complaining of these monopolies, to bring it to pass that the Holy
Empire should assist the 'Steedes' of the Hanse to recover their
privileges in England and maintain them therein against the
English nation. Whether this be meet or no, I refer to the consideration
of your Majesty and the Electors.
Whether English cloths were sold 'better cheap' by the English
than by the citizens of the Hanse Towns, I let that remain to
itself ; and yet although they of the Hanse were heretofore more
privileged in England than others, and therefore might sell cheaper,
it is certain that divers servants and factors of Electors and lords
of the Empire have for some years bought their livery cloths
here of English merchants, whereby I suppose that they buy them
cheaper of the Englishmen than of them of the Hanse. The
Landgraves of Hesse have lately had 600 cloths for liveries
brought from England to Emden.
So I can assure your Majesty that whatever has been 'begonne'
and granted by me to the English, touching privileges or residence,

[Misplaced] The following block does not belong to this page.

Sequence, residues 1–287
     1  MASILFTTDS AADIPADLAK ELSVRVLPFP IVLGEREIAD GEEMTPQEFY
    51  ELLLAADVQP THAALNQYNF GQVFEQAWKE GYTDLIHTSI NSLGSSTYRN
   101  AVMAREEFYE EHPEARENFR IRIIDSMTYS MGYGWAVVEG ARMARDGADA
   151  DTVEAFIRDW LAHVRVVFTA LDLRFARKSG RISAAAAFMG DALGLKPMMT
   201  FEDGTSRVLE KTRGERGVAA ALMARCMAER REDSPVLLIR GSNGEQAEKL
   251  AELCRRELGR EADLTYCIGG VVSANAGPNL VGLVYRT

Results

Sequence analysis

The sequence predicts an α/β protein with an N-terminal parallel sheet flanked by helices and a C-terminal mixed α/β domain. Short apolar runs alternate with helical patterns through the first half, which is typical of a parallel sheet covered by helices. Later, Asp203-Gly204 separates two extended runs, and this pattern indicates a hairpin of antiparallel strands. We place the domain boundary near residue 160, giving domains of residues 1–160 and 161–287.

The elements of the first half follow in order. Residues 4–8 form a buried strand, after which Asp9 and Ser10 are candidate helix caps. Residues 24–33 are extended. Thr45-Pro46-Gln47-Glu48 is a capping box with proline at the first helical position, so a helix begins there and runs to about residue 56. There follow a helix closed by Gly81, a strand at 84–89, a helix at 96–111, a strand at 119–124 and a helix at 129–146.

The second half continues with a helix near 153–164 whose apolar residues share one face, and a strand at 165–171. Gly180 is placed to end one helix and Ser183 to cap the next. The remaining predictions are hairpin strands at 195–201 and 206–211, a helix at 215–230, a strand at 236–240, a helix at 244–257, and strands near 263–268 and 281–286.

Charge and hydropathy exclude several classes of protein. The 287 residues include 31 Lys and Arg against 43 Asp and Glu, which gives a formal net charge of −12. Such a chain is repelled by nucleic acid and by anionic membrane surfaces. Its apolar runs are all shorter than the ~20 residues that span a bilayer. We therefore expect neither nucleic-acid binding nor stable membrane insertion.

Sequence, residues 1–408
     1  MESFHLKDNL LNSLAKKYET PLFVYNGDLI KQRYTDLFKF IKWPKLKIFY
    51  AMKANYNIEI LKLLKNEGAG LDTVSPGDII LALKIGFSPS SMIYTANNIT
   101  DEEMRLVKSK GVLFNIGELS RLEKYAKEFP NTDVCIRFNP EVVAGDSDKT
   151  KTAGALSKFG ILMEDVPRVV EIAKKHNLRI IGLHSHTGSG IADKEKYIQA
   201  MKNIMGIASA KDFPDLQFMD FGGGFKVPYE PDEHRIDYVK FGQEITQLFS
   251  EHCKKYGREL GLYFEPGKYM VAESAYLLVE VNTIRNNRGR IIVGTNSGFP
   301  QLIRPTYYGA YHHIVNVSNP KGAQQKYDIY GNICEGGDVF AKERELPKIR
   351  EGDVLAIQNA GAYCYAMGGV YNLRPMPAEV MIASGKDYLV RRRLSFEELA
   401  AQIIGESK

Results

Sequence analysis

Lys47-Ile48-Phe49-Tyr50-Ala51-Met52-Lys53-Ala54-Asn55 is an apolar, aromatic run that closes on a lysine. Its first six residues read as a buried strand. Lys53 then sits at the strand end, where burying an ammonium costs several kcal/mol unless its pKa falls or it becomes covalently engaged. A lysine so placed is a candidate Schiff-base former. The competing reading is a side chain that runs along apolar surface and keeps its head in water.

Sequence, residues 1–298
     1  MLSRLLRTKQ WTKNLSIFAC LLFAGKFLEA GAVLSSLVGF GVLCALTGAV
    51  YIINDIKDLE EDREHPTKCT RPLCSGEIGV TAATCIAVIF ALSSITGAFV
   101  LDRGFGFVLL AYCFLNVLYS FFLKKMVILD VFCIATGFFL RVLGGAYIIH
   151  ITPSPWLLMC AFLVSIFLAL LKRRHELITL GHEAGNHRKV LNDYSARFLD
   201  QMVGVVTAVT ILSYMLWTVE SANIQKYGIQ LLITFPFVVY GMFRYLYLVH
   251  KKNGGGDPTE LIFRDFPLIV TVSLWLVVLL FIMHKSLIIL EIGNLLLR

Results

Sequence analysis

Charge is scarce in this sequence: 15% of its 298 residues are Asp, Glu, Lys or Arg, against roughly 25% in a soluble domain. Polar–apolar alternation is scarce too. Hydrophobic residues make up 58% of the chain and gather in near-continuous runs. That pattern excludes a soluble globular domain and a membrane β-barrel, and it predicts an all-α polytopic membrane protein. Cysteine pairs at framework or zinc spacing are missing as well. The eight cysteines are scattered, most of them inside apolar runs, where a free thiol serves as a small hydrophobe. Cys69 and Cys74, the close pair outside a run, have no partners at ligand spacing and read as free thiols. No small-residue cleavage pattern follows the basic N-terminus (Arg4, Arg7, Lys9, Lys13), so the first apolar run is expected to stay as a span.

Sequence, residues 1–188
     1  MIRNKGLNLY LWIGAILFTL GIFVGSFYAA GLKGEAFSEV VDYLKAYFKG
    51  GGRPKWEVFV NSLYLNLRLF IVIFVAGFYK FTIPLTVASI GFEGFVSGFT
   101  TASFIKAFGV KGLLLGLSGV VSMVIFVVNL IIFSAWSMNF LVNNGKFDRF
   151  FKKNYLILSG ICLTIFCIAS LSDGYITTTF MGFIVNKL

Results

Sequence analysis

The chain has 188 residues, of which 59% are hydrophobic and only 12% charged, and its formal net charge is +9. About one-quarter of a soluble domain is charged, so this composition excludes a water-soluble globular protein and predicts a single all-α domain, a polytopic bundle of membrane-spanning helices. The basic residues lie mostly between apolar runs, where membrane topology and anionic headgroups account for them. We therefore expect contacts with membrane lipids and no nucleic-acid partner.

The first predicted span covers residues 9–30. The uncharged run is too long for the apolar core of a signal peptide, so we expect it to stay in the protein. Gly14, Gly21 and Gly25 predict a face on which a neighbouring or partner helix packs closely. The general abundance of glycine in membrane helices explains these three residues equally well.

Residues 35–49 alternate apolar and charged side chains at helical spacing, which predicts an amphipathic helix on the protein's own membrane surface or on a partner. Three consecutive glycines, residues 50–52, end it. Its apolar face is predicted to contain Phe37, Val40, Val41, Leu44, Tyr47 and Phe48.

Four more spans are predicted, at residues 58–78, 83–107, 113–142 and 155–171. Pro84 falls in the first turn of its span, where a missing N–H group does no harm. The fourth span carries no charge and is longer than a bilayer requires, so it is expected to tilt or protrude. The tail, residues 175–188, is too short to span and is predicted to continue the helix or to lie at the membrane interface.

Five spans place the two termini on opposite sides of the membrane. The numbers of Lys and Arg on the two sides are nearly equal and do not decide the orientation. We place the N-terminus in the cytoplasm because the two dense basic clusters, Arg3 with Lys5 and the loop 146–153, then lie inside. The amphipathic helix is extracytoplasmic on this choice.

I have not done it to establish any monopoly contrary to the
decrees of the Empire, but only granted what is by the law of
nations free to all men, and for the best commodity of the members
and subjects of the Empire.
If your Majesty is not herewith satisfied, the necessity of the
cause requires that your pleasure should be first signified to the
Queen in England, and to the merchants of London, who have
sought these privileges at my hands. And I doubt not, when it
has been heard what they can allege for themselves, they can
deliver to you more ample information and answer the complaints of
the "Steedes' ; for I mean not to intermeddle in other men's causes,